I think at this point “turning a blind eye to the more nasty loss of liberty” is preferable to actively orchestrating it.

    Comment by Brad — 10/29/2008 @ 1:59 am

  32. Man I love this place.

    Comment by Mortexai — 10/29/2008 @ 2:18 am

  33. Laura — I’d have to see the ad, but no matter who wins it will be historic. One first or another is going to be set. Regardless, I rather doubt that an Obama victory will bring peace and light on the racial front. I *do* think it will move the ball forward, but I also think these things are very much two steps forward and one step back. It will be very interesting to see how many racial abcesses get lanced along the way…

    Comment by tessellated — 10/29/2008 @ 2:45 am

  34. Oh dear. There goes any hint of credibility. Turned by a youtube vid after making a seemingly thought out endorsement. And not to not voting for Obama, which is perfectly understandable, but to actually voting for McCain, which is a sign of complete intellectual defeat.
    At least, no more ‘he’s a flip-flopper’ arguments from that side now, and thus the republicans manage to paint themselves into a corner time and time again.

    Comment by fred — 10/29/2008 @ 7:29 am

  35. For those of us who tend to focus on economic libertarianism: http://online.wsj.com/article/SB122523927108878301.html

    Comment by Laura — 10/29/2008 @ 8:46 am

  36. I make no promises that the public will sour on the Democrats, but I certainly hope that 2 or 4 or, heaven forbid, 8 years of complete Democratic control will taint the movement as it has the neocons.

    Cameron 24: The only important difference between what Blair and New Labour got in the UK and what Obama and the Democrats are getting here is probably that Blair took over at a time of economic growth and Obama gets the opposite. So, unless you think that the economic problems really are going to rein in Obama and the Democrats and their anti-free trade and redistributionist fervour, I am not sure exactly what you do hope for. The Conservative Party in the UK is indeed finally making a comeback, in large part by abandoning conservative ideals and also by stealing New Labour’s “appearances and flash over substance” clothes. It’s not a happy outcome (the problem had its roots back in 1992, when the Conservatives won a narrow victory; I would contend that 2004 was the similar disastrous victory for the Republicans).

    Comment by Adam — 10/29/2008 @ 10:15 am

  37. Fred 34: A vote for anyone but McCain is a vote for Obama. Like it or not, that’s the reality.

    Comment by James — 10/29/2008 @ 10:34 am

  38. The world learned a lesson, that a republican president sucked. You promised us we were going to learn a new lesson, that a democratic president sucks as well. Why must you deprive us our teaching?

    Comment by fred — 10/29/2008 @ 12:45 pm

  39. Alas, he can’t deprive you of it. You’ll get a Democratic Party President soon enough…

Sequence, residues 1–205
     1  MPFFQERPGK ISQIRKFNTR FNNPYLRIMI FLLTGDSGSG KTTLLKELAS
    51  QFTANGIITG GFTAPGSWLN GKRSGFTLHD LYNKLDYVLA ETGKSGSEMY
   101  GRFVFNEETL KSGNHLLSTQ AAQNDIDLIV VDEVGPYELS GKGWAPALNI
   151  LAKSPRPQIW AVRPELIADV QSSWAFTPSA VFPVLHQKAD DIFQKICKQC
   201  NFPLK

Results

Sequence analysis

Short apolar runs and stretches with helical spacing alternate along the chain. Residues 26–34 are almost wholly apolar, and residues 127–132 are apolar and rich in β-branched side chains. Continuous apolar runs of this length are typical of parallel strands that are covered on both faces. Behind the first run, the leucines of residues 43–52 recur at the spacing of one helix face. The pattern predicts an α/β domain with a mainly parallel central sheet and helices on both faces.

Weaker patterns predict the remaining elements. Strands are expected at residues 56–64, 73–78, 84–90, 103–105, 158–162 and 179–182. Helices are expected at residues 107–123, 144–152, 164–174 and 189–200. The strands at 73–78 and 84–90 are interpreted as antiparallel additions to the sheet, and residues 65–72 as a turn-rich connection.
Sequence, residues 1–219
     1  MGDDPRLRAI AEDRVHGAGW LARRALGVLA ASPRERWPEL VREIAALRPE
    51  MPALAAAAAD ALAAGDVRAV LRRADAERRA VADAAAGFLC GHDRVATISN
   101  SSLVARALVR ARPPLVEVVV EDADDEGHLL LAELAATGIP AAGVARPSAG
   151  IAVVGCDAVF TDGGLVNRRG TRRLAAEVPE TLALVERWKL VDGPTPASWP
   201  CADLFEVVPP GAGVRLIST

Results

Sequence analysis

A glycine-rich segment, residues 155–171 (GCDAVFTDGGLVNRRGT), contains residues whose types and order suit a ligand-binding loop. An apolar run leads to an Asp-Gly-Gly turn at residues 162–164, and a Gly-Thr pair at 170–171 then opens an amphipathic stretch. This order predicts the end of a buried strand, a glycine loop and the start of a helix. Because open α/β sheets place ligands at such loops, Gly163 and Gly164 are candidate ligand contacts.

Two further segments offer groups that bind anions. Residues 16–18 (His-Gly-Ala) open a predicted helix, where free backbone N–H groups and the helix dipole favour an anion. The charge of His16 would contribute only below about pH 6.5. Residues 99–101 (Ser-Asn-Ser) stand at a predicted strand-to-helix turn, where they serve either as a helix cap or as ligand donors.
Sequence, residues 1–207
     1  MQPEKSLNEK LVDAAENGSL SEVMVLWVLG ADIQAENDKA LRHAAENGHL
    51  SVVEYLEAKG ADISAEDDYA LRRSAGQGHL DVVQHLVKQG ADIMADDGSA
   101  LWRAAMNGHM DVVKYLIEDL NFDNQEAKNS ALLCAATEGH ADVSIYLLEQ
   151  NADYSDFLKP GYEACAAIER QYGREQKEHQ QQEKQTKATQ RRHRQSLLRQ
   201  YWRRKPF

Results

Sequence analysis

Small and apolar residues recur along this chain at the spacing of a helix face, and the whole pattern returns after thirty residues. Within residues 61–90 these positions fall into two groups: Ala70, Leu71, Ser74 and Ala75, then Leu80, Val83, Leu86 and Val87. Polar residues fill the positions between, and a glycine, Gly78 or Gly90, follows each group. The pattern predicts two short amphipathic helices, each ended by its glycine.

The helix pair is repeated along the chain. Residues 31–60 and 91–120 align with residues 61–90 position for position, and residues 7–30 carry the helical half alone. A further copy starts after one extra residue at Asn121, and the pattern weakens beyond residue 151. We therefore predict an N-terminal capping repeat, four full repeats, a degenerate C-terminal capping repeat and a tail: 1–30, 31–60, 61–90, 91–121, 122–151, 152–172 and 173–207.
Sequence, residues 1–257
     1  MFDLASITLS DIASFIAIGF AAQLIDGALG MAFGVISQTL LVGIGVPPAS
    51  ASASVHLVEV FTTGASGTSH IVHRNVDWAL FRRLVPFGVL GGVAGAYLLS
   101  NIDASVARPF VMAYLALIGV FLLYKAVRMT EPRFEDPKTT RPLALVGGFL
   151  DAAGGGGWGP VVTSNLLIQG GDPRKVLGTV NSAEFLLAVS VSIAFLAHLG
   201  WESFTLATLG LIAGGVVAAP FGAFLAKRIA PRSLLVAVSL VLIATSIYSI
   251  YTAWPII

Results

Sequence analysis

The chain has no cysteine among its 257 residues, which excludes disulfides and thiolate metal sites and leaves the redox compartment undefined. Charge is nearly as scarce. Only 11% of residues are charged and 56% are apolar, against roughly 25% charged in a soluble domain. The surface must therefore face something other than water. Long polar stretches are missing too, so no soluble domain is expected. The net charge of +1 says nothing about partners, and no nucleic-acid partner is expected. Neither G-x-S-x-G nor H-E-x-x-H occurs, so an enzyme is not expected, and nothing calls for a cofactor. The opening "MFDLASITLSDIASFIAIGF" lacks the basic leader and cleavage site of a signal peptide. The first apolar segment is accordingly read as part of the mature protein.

Comment by Adam — 10/29/2008 @ 12:54 pm

  40. But I see James as the average American.

    Comment by fred — 10/29/2008 @ 1:05 pm

  41. Fred, Adam is right. If McCain can win this thing in the face of the mania surrounding Obama, it will be nothing short of a miracle. As for me being average, I rather wish that were the case.

    Comment by James — 10/29/2008 @ 1:33 pm

  42. But I see James as the average American.

    Ah, good. So does he.

    Laura 35: that is a weird article. The markets are bad because they’re been contemplating Obama’s 1 trillion dollar slavery reparations project and a Treasury Secretary George Soros?

    He’s got some decent economic points in there. But he drowns it in stuff like that, and this:

    I could go on, but you get the point. Nothing reveals Mr. Obama’s visceral hostility to business more than the constant urging of our best and brightest to desert the productive private sector (“greed”) and go into public service like politics or community organizing.

    I have a feeling I know that guy’s type. Smart, old, and totally, utterly cynically partisan and twisted. Not in a mean way per se, just in a “okay, you’ve pretty much lost all perspective now” way. A guy for whom, if he and I were discussing politics, it would start amicably enough and then I’d quickly start looking for a polite but hasty exit. He’s like an market analyst version of “Obama is a secret muslim who may or may not be the anti-Christ”.

    Like I said, some good points; shame he wove them in with the bizarro hypotheticals and digs.

    Comment by Brad — 10/29/2008 @ 1:37 pm

  43. Oh yes James 41, we all remember the miracle of 2004 where the USA narrowly secured the election of a totalitarian, socialist-for-the-elite republican, and since then the world has basked in the brilliant glory of his wisdom.

    Comment by fred — 10/29/2008 @ 3:38 pm

  44. Yes, but he was running against John Kerry, a mere mortal.

    Comment by James — 10/29/2008 @ 6:12 pm